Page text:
I’m delighted to share an Author Q&A Interview today with Jules Brown. As a travel writer, Jules has explored many countries over the years, sharing his stories in newspapers, magazines and Rough Guides. More recently Jules has published a series of travel anthology books collating stories from some of his numerous trips. Ahead of the authors latest travel book release this month, Watch Out For Pirates, Jules has kindly agreed to chat with Touring Tales.
Author Q&A Interview
Firstly, welcome back to Touring Tales, thank you for chatting with me again today. Last time we connected up it was to promote your book Not Cool. Europe. By Train. In a Heatwave. So I was thrilled when you contacted me about your new book, Watch Out For Pirates. Before we find out more about your new book, I have a few questions for you:
How long have you been writing and what inspired you to start?
I was an avid reader as a child, and I did a History degree at college, but it never really occurred to me that you could get paid for this reading and writing business. But then I quit the first job I ever had to go travelling, in my early twenties, and I took a copy of a new travel guidebook series with me, the Rough Guide to Portugal. And as I travelled around, jotting down notes of things that had changed, I thought – I could do this! When I came back I sold my first travel feature to the local newspaper for the princely sum of £12.50 and then I wrote to Rough Guides and basically begged for a job. They sent me to Scandinavia to write a new guidebook, and that was my first commission and published book.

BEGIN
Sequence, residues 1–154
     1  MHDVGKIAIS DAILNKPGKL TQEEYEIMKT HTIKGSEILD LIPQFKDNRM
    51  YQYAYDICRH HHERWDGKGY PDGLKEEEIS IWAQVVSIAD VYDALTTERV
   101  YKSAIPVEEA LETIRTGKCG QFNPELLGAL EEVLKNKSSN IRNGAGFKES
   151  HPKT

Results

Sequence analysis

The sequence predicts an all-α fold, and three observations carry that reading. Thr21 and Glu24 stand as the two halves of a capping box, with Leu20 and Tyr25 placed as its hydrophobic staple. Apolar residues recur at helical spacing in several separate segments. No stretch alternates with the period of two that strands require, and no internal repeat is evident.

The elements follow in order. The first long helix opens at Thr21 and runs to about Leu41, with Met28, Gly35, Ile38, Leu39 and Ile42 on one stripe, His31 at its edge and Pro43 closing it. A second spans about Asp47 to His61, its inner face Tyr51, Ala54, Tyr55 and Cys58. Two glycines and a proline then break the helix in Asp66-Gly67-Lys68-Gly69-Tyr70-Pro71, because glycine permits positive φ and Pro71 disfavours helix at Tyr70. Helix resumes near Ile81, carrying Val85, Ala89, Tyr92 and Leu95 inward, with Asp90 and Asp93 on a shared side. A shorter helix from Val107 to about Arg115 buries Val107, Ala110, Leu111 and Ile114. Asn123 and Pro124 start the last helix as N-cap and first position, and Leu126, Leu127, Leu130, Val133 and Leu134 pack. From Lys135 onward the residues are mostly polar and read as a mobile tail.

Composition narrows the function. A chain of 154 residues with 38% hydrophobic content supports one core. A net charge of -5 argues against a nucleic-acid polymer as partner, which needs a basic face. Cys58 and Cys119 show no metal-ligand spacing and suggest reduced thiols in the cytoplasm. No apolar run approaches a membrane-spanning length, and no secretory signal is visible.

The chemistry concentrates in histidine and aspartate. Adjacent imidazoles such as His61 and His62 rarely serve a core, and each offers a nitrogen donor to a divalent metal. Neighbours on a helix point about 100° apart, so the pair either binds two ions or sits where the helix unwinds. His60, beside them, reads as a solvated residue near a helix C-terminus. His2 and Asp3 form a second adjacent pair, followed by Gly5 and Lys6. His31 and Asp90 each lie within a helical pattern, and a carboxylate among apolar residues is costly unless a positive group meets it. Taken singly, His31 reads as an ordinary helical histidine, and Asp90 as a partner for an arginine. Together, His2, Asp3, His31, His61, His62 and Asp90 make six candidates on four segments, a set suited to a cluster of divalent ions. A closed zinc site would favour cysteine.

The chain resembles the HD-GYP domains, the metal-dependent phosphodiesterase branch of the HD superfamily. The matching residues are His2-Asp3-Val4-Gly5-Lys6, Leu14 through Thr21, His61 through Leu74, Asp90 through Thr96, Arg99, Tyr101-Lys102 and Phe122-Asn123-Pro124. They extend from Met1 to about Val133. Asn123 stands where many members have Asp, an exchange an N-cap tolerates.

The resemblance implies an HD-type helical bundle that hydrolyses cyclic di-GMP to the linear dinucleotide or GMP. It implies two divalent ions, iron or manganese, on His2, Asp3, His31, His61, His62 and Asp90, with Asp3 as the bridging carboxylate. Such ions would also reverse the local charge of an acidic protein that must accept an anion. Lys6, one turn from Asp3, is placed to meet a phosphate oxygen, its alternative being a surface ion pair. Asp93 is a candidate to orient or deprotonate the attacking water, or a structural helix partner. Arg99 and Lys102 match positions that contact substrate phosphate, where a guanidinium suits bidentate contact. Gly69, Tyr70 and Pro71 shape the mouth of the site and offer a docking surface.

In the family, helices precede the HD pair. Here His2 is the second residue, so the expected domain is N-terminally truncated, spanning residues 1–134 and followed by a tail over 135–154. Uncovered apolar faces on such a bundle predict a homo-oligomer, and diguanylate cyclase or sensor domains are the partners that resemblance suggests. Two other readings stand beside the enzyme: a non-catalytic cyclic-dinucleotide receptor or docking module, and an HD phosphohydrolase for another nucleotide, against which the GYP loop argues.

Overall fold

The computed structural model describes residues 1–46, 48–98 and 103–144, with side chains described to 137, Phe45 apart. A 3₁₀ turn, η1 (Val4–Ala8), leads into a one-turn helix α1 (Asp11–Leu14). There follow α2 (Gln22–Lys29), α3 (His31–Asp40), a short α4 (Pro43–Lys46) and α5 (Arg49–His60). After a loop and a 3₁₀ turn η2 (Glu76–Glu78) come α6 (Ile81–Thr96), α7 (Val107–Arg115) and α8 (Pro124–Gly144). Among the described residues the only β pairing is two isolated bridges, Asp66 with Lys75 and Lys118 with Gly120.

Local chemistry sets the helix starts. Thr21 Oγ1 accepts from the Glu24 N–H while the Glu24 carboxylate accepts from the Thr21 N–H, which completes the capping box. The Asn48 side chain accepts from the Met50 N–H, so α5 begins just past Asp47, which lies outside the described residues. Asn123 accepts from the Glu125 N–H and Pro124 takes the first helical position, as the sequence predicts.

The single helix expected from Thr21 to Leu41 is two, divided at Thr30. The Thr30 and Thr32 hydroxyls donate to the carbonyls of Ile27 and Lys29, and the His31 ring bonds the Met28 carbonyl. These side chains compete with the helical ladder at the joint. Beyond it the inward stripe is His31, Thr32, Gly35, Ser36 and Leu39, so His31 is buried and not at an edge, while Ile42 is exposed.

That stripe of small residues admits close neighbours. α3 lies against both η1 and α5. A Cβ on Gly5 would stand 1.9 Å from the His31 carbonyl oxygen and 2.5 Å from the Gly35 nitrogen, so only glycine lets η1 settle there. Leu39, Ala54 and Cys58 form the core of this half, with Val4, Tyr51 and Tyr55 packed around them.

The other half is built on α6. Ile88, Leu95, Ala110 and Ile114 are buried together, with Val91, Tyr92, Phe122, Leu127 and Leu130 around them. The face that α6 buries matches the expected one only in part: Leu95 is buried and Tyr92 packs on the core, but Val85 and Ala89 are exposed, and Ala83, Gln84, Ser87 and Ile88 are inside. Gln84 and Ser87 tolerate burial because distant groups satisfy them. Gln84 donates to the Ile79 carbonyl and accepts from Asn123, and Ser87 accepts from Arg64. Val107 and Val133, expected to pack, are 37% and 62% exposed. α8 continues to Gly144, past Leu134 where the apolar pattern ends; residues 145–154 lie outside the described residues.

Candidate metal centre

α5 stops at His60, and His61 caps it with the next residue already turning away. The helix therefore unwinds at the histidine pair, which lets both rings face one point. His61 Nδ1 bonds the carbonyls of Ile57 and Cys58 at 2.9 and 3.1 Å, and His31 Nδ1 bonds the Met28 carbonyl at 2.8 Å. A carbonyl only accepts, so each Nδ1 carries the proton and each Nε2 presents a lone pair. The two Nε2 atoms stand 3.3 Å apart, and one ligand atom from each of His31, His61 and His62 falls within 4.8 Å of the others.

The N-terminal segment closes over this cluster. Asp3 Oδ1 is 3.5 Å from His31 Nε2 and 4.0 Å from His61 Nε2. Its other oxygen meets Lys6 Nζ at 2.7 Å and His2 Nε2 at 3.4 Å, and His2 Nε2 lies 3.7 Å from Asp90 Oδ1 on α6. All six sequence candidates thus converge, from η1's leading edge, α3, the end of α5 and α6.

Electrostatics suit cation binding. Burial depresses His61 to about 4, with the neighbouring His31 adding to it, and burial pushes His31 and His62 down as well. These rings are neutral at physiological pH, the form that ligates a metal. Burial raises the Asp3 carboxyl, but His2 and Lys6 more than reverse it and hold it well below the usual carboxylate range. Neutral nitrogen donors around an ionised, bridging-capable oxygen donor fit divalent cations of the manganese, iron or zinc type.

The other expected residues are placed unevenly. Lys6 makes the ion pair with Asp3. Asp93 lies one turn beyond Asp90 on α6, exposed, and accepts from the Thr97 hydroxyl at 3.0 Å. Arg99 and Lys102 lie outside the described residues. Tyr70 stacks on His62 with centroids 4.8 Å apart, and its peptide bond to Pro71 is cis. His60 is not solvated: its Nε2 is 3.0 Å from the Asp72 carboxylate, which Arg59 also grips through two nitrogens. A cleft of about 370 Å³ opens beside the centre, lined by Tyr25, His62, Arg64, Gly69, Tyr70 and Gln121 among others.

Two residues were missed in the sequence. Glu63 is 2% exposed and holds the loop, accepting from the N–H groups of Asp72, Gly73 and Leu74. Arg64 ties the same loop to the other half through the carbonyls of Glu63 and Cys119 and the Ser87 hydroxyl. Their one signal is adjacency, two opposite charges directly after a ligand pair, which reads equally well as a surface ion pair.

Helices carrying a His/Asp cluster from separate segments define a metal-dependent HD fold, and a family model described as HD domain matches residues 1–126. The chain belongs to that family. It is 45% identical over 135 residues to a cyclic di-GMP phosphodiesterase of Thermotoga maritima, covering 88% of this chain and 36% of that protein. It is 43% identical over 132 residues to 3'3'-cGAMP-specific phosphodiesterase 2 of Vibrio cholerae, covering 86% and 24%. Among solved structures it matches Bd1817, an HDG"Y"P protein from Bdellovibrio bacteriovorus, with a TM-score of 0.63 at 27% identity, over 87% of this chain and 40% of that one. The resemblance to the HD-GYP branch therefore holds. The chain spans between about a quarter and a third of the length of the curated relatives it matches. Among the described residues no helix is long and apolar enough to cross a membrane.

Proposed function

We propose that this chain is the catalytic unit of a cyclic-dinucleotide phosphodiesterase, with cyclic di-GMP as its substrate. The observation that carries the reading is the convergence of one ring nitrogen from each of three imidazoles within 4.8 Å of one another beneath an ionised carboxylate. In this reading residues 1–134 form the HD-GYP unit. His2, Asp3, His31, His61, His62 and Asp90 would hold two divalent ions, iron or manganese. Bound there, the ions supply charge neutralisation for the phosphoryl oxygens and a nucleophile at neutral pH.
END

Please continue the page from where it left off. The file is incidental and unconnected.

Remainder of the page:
How have you found transitioning from a Rough Guides Travel Writer to a Travel Book Author? Have you had to learn any new skills?
I’ve always written other things, not just guidebooks. I was a newspaper travel feature writer for the Daily Mail for years, and then I started my blog – Jules Told Me – where I began to share my travel stories. So in the end, it was a fairly seamless transition to writing travel memoirs and journeys. It’s all just writing – in the end!
What has been your most memorable assignment / trip?
Good question, but maybe too many to count! For Rough Guides, it would be the opportunity to go and live in Hong Kong for six months while I researched the Rough Guide. That really was an extraordinary time – I was in China for a side trip when the Tiananmen Square massacre happened. Writing for the Daily Mail, I never knew what was going to come up next – I’d get a call saying, ‘Can you go to New Zealand tomorrow?’ and I’d go, ‘Oh ,OK!’ My best trip for the paper was that trip to New Zealand, where they asked me on the way back to go to Singapore and then Vietnam as well. I wasn’t going to argue.
What’s the best thing you’ve eaten whilst travelling?
I’m going to say the pizza in Naples – I wrote about it in Never Pack an Ice-Axe. There’s a pizzeria – the one in ‘Eat Pray Love’ – where they only serve two types of pizza, with tomato sauce and cheese, or just with tomato sauce, and they only serve beer or Coke. That’s it, nothing else. And the queues outside the door are insane. Seriously, you’ll never look at pizza the same way again.